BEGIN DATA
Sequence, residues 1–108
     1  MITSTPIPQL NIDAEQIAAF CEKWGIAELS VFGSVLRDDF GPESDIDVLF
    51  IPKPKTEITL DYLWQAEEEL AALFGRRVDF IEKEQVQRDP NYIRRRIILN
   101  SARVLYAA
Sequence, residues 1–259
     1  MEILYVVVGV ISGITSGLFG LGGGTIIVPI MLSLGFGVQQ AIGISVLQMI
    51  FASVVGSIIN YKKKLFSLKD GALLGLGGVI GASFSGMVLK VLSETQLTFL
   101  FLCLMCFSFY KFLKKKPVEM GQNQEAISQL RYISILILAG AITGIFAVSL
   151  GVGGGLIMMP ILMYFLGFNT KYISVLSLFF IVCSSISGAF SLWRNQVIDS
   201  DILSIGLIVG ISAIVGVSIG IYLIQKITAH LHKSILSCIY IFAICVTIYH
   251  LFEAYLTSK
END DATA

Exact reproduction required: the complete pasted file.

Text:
Sequence, residues 1–108
     1  MITSTPIPQL NIDAEQIAAF CEKWGIAELS VFGSVLRDDF GPESDIDVLF
    51  IPKPKTEITL DYLWQAEEEL AALFGRRVDF IEKEQVQRDP NYIRRRIILN
   101  SARVLYAA
Sequence, residues 1–259
     1  MEILYVVVGV ISGITSGLFG LGGGTIIVPI MLSLGFGVQQ AIGISVLQMI
    51  FASVVGSIIN YKKKLFSLKD GALLGLGGVI GASFSGMVLK VLSETQLTFL
   101  FLCLMCFSFY KFLKKKPVEM GQNQEAISQL RYISILILAG AITGIFAVSL
   151  GVGGGLIMMP ILMYFLGFNT KYISVLSLFF IVCSSISGAF SLWRNQVIDS
   201  DILSIGLIVG ISAIVGVSIG IYLIQKITAH LHKSILSCIY IFAICVTIYH
   251  LFEAYLTSK